Display Settings:

Format

Send to:

Choose Destination
J Neurol. 2007 Feb;254(2):160-8.

Antimyelin antibodies in clinically isolated syndromes correlate with inflammation in MRI and CSF.

Author information

  • 1Department of Neurology, University Hospital Basel, Petersgraben 4, 4031 Basel, Switzerland.

Abstract

OBJECTIVE:

We investigated the correlation of antimyelin oligodendrocyte glycoprotein-(anti-MOG) and anti-myelin basic protein antibodies (anti-MBP) in serum of CIS patients with inflammatory signs in MRI and in CSF and, as previously suggested,the incidence of more frequent and rapid progression to clinically definite MS (CDMS).

METHODS:

133CIS patients were analysed for anti-MOG and anti-MBP (Western blot). Routine CSF and cranial MRI (quantitatively and qualitatively) measures were analyzed. 55 patients had a follow-up of at least 12 months or until conversion to CDMS.

RESULTS:

Patients with anti-MOG and anti-MBP had an increased intrathecal IgG production and CSF white blood cell count(p = 0.048 and p = 0.036). When anti-MBP alone, or both antibodies were present the cranial MRI showed significantly more T2 lesions (p = 0.007 and p = 0.01,respectively). There was a trend for more lesion dissemination in anti-MBP positive patients (p = 0.076).Conversely, anti-MOG- and/or anti-MBP failed to predict conversion to CDMS in our follow-up group (n = 55). Only in female patients with at least one MRI lesion (n = 34) did the presence of anti-MOG correlate with more frequent (p = 0.028) and more rapid (p = 0.0209) transition to CDMS.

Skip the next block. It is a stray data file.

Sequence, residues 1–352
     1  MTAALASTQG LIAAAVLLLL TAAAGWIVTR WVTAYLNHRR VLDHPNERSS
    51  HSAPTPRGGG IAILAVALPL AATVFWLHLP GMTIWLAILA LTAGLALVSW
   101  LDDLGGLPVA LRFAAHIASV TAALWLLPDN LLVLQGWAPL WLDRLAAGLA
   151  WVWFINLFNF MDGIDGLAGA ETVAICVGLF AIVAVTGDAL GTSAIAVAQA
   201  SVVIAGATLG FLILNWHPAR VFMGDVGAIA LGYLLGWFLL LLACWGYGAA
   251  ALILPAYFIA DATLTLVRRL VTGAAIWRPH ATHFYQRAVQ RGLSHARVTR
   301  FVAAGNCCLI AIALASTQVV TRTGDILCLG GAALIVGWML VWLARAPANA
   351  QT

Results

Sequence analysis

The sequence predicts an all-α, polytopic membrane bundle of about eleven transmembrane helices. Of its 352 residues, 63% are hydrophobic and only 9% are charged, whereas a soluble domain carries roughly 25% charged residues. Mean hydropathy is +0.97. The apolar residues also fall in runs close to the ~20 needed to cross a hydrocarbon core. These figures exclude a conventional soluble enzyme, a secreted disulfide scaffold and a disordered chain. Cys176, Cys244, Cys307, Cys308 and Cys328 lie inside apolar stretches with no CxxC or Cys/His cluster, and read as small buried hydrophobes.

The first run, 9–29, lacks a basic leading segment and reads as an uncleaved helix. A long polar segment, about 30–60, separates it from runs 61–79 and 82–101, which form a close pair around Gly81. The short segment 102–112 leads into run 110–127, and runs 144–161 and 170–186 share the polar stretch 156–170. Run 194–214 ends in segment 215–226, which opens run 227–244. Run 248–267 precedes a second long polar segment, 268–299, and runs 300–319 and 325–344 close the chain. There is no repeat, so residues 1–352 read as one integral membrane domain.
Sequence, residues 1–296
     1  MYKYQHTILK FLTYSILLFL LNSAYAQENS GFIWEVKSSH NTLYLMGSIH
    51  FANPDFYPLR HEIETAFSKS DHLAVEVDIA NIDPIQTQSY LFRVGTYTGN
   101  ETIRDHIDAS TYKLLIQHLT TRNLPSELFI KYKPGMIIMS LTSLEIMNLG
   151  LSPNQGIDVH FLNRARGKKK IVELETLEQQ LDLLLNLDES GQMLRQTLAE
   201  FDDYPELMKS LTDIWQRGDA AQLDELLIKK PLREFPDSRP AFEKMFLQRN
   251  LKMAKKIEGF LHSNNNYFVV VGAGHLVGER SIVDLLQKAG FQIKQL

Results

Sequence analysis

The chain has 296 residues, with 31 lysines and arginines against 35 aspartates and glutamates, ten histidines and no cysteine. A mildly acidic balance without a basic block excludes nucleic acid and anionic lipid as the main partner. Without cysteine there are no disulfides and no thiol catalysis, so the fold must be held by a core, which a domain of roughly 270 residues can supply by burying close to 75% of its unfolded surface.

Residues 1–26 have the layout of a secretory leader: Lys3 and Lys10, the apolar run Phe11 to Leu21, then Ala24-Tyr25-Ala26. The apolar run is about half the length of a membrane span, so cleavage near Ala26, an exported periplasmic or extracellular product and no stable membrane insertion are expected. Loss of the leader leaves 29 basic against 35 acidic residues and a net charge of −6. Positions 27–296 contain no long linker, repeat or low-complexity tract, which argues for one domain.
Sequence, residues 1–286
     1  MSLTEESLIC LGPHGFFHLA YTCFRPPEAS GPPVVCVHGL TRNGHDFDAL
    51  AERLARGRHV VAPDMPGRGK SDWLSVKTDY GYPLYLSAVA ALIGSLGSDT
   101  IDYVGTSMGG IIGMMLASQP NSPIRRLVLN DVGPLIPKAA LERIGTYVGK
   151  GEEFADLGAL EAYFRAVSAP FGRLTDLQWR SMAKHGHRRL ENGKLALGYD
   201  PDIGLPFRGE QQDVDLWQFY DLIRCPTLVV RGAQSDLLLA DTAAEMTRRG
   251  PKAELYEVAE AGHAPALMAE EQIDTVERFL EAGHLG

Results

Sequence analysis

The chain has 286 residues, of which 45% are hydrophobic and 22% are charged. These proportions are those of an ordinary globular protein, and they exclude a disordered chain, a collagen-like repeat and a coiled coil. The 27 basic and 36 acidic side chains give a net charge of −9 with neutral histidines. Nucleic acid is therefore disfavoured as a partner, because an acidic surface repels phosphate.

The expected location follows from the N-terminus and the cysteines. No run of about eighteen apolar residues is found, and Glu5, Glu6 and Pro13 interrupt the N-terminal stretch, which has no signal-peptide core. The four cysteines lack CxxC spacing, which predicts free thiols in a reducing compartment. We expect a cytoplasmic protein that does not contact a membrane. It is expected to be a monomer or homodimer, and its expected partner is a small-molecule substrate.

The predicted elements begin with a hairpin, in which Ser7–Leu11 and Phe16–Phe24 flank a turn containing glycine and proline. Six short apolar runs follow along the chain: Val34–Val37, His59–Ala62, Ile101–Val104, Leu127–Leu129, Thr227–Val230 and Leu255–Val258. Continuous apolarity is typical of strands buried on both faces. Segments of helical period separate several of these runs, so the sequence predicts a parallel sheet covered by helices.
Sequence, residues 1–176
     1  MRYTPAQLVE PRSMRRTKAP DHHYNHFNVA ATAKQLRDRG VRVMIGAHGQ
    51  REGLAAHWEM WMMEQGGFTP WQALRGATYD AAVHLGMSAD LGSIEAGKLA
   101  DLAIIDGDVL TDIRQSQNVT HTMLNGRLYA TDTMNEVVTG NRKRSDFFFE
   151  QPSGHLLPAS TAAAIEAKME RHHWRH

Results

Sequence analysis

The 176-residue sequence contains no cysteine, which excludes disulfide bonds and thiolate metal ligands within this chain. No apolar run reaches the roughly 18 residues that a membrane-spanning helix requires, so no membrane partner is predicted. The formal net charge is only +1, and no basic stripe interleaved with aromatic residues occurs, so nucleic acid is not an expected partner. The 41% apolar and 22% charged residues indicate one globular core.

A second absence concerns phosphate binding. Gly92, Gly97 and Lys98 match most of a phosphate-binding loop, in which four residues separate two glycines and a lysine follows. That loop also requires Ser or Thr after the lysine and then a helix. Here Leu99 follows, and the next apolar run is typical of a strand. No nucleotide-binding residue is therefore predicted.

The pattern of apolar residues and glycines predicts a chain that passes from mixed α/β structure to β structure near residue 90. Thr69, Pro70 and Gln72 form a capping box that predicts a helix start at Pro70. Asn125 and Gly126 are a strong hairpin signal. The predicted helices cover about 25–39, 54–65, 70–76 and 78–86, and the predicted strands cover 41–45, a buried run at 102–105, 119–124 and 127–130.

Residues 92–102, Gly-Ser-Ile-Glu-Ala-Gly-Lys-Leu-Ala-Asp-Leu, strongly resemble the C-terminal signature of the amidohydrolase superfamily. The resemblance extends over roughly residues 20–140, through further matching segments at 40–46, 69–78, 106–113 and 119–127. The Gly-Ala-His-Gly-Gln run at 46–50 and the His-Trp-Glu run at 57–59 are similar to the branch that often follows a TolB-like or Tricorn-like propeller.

CONCLUSIONS:

Presence of anti-MOG or anti-MBP or both was not significantly associated with conversion to CDMS in our CIS cohort. However, patients with anti-MOG and anti-MBP had higher lesion load and more disseminated lesions in cranial MRI as well as higher values for CSF leucocytes and intrathecal IgG production. Our data support a correlation of anti-MOG and anti-MBP to inflammatory signs in MRI and CSF. The prognostic value of these antibodies for CDMS, however, seems to be less pronounced than previously reported.

PMID:
17334662
[PubMed - indexed for MEDLINE]
PubMed Commons home

PubMed Commons

0 comments
How to join PubMed Commons

    Supplemental Content

    Icon for Springer
    Loading ...
    Write to the Help Desk